That ‘but’ relates to the line in the prayer referring to forgiveness: ‘Forgive us our trespasses as we forgive those who trespass against us’. It has always worried me to think that in praying those words I might be praying for my own condemnation, because if God’s forgiveness of me is going to be a match for the forgiveness I offer others then without doubt I am in big, big trouble.
Jesus underlines the connection between God’s forgiveness of us and our forgiveness of others elsewhere in the gospels. In Matthew 6:14-15 Jesus says, ‘For if you forgive men their trespasses, your heavenly Father will also forgive you. But if you do not forgive men their trespasses, neither will your Father forgive your trespasses.’ In Mark 11:25 Jesus says, ‘And when you stand praying, if you hold anything against anyone, forgive them, so that your Father in heaven may forgive you your sins.’
I know God will forgive me if I truly repent (see for example 2 Chronicles 7:14), and I am entirely comfortable with that style of forgiveness: just me and God; no third parties. But I also know that Jesus is the way, the truth and the life and so I have been prepared to tackle the issue of forgiving others.
It has been hard work, and until this week I thought I had made progress.
Using as a yardstick whether there is any lingering sense of hurt or judgement when I recall certain people or incidents, hand over heart I can claim to have pretty much forgiven some behaviours that today we would call workplace bullying. I have experienced this twice in my career, with very negative outcomes, taking on board the bullying as a sign that something was wrong with me and becoming very reserved in my relations with people as a result.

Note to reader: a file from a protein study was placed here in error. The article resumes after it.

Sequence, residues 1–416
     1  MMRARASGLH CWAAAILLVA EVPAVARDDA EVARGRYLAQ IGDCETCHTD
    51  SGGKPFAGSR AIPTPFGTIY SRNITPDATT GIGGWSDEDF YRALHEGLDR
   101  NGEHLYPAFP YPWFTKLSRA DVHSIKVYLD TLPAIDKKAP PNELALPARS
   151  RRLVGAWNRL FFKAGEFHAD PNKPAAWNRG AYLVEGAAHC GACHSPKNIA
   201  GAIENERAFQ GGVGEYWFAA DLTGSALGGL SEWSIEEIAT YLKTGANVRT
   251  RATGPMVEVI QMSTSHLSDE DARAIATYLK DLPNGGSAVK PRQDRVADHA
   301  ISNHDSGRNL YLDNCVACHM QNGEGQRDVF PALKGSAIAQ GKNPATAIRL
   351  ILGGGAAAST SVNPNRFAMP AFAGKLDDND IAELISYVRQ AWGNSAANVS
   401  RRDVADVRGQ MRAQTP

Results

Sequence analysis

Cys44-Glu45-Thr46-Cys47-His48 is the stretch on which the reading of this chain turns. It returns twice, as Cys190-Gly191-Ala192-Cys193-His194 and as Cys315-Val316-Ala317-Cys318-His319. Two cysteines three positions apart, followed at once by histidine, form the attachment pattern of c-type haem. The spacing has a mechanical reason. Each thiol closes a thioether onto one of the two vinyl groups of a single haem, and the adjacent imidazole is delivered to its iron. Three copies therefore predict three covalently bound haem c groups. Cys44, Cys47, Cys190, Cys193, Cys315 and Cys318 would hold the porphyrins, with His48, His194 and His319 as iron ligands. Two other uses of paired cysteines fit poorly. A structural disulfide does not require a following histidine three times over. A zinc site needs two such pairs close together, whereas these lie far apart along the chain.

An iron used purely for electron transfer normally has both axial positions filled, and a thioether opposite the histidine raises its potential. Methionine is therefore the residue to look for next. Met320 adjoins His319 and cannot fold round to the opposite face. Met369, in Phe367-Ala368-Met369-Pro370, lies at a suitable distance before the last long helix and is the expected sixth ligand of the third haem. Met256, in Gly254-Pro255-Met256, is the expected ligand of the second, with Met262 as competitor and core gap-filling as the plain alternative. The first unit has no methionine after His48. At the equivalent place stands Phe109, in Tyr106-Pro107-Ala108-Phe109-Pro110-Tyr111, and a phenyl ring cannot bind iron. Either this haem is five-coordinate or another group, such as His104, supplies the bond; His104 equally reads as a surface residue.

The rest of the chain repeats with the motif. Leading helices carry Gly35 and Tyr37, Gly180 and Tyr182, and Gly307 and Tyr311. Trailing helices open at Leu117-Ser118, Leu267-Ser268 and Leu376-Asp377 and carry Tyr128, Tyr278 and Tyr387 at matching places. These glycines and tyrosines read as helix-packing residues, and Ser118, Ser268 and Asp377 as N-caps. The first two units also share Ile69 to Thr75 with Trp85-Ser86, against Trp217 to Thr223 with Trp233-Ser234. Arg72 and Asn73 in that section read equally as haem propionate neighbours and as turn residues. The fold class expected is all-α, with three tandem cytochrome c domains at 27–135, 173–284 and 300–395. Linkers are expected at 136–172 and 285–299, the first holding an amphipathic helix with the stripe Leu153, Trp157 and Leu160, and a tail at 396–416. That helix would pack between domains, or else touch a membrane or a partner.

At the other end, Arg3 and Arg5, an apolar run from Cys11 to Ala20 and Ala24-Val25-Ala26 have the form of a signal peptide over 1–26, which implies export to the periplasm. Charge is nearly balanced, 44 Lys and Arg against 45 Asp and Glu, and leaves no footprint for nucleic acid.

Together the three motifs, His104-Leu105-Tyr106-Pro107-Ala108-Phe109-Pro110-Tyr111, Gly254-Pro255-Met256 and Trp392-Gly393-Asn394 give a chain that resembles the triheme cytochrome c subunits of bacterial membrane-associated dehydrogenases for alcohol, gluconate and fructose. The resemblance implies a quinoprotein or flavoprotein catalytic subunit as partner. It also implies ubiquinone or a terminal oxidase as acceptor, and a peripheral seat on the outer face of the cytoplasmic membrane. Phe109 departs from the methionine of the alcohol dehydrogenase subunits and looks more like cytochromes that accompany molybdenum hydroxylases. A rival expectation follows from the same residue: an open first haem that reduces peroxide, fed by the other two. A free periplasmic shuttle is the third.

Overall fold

Having managed to get to the point where I was able to remain undisturbed when recalling some of the things done to me, and could even imagine myself smiling warmly at the perpetrators, I announced to myself, ‘By George, I think I’ve done it’! And it did feel good. I thought quite confidently that I could now safely navigate past remembrances without kitting myself out in the mental and emotional equivalent of kevlar protective gear, a crash helmet and safety boots.
My morning prayer routine usually includes the Lord’s Prayer and the Ten Commandments. While meditating yet again on the line about forgiveness in the Lord’s Prayer I began to think about my newly achieved forgiveness of those bullies. I ran my mind over my memories, just to check there was no frisson of reaction. So far so good. Then I got to thinking about how – although I might have forgiven those people, although if I met them again I might actually smile and greet them and mean it when I inquired, ‘How are you?’ – I still could not imagine wanting to be in relationship with them.
A classic case of forgiving without forgetting.
Is that the kind of forgiveness I want from God? Absolutely not! I long for the kind of forgiveness that we are promised, the forgiveness that forgets (Isaiah 43:25), that puts our sin away as far as the east is from the west (Psalm 103:12). I was appalled at the thought of being forgiven but no longer able to experience close intimacy with God. Alive, but to all intents and purposes, dead.
I cried out, terrified, ‘What can I do?’, and the answer came immediately: ‘Stop thinking about yourself.’
I realised that I was working on forgiveness out of the perspective of my own pain. My focus was me. But Jesus invites us to love others for the simple reason that God loves them, and He shows us what it is like to love as God loves. If we want to align ourselves with God, we need to want what God wants and love what God loves.
I pray that as I focus on God, God in His grace gives me the gift to forgive.